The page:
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Old 06-09-2018, 05:37 AM   #1
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Homemade crisps

Thought this would be as simple as slicing a potato on a mandolin and putting it in a chip pan. All I got was soggy slices of oily potato. How should I have done this?

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Old 06-09-2018, 06:38 AM   #2
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Thought this would be as simple as slicing a potato on a mandolin and putting it in a chip pan. All I got was soggy slices of oily potato. How should I have done this?
Did you soak them in ice water after slicing? What was your oil temperature?
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Old 06-09-2018, 08:07 AM   #3
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Didn't soak in ice water. But oil and water doesn't mix. Why would this make a difference?
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Old 06-09-2018, 08:16 AM   #4
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Didn't soak in ice water. But oil and water doesn't mix. Why would this make a difference?
Soaking them in ice water removes excess starch from the surface, which improves the crispness. Dry them with kitchen towels before frying and make sure the temperature of the oil is 365F/185C. If the temperature is too low, they won't cook fast enough and will get greasy. Have a sheet pan covered with kitchen paper ready to put the cooked crisps on and salt them as soon as they come out of the oil.
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Old 06-09-2018, 12:55 PM   #5
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I used to scrub my potatoes really well (I didn't peel skin just cut off anything that looked bad) then used my potato peeler to get super thin slices. It took seconds to cook in the hot oil.
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Old 06-13-2018, 06:20 PM   #6
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What got garlic said, you will be surprised hope much starch there is. I do this method also for twice fried chips.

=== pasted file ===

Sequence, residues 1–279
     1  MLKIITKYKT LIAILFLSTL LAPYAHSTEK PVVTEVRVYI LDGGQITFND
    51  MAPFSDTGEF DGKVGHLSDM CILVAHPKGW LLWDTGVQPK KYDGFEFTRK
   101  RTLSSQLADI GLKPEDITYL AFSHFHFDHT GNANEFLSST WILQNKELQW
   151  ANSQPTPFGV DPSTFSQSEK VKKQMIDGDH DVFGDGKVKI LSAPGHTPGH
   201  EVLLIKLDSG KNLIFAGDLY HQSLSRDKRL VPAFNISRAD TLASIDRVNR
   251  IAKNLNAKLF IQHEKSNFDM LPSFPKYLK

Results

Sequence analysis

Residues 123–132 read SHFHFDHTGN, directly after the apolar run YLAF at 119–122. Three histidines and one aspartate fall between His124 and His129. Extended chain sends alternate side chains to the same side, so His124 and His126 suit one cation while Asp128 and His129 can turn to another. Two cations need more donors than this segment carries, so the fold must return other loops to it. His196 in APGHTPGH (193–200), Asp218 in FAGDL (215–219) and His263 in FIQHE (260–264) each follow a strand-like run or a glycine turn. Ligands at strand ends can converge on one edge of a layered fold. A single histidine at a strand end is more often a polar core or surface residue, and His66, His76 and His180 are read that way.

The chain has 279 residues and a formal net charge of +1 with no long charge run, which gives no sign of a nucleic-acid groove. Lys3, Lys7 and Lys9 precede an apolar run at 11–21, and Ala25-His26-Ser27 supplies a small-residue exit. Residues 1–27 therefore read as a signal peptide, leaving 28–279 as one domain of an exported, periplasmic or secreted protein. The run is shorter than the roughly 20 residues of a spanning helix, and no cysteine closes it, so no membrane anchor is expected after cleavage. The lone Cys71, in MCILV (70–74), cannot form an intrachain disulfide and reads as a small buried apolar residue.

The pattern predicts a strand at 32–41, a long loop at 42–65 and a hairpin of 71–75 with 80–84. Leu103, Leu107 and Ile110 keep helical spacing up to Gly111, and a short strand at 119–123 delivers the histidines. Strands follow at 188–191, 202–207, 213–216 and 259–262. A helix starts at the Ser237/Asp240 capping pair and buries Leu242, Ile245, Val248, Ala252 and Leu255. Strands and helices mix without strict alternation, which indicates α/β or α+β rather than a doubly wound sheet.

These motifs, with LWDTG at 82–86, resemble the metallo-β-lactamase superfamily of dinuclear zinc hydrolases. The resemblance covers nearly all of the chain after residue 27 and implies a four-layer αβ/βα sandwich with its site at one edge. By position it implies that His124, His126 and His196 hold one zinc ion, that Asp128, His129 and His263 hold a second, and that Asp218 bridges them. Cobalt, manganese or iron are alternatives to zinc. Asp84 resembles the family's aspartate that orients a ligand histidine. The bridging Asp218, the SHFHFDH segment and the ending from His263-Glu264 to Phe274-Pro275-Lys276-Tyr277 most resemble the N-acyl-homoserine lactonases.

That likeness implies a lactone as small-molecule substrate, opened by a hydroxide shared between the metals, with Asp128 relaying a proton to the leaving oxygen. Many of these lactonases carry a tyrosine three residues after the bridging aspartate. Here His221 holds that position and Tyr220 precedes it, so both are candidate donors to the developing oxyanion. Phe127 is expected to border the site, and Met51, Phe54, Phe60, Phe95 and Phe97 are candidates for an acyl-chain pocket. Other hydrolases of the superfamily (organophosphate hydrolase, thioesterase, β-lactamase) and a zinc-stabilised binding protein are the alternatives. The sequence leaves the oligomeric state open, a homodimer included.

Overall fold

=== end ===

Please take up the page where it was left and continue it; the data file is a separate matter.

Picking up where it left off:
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Old 06-13-2018, 07:02 PM   #7
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In my quest to find a better chip, I've discovered that soaking them in hot salted water for at least 30 minutes, then rinsing at least twice with cool tap water, laying out on paper towels to dry, then frying works best.
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Old 06-13-2018, 11:57 PM   #8
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I haven't made fried potato chips, but I like this discussion. There are millionaires now who got the idea to make them.
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Old 07-20-2019, 12:14 PM   #9
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"The History of Potato Chips" is an interesting read. Potato chips were actually a 'happy accident' which started as somewhat of a joke by a frustrated chef when a customer kept sending back his potatoes, saying they were too thick. After the dish came back a couple of times, the chef went into "you want thin potatoes? I'll give you thin potatoes" mode, assuming the customer would probably send those back as well. But the customer ended up loving them, hence the potato chip was born, 1853, New York, USA.
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Old 07-20-2019, 02:28 PM   #10
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"The History of Potato Chips" is an interesting read. Potato chips were actually a 'happy accident' which started as somewhat of a joke by a frustrated chef when a customer kept sending back his potatoes, saying they were too thick. After the dish came back a couple of times, the chef went into "you want thin potatoes? I'll give you thin potatoes" mode, assuming the customer would probably send those back as well. But the customer ended up loving them, hence the potato chip was born, 1853, New York, USA.
I remember reading something similar about shoestring potato chips. In that case the customer was complaining about French fries (chips) being too thick.

According to Wikipedia, the first printed recipe for potato chips was in the UK in 1822 and one in the US in 1824.

https://en.wikipedia.org/wiki/Potato_chip#Origins
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Old 07-20-2019, 02:39 PM   #11
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I remember reading something similar about shoestring potato chips. In that case the customer was complaining about French fries (chips) being too thick.

According to Wikipedia, the first printed recipe for potato chips was in the UK in 1822 and one in the US in 1824.

https://en.wikipedia.org/wiki/Potato_chip#Origins
Yes, that was in the UK.
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Old 07-21-2019, 08:54 PM   #12
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When I make homemade french fries I par fry them first. Drain, allow to cool on paper towels, then fry once more. Always crispy and even my granddaughter says they are great.
I have never had any luck doing a one fry method.
I tried once blanching them and then drying and then frying. Better, but par frying works the best.
But a first fry and then a second fry always produces wonderful results.
I even told my neighborhood home cooking restaurant they were doing it wrong.....LOL

Today store bought chips and frozen fries rule. I only make homemade fries when I do not have Ore-Ida straight cut fries. They are great. Better than homemade.

I would guess this method would work very well with potato chips.
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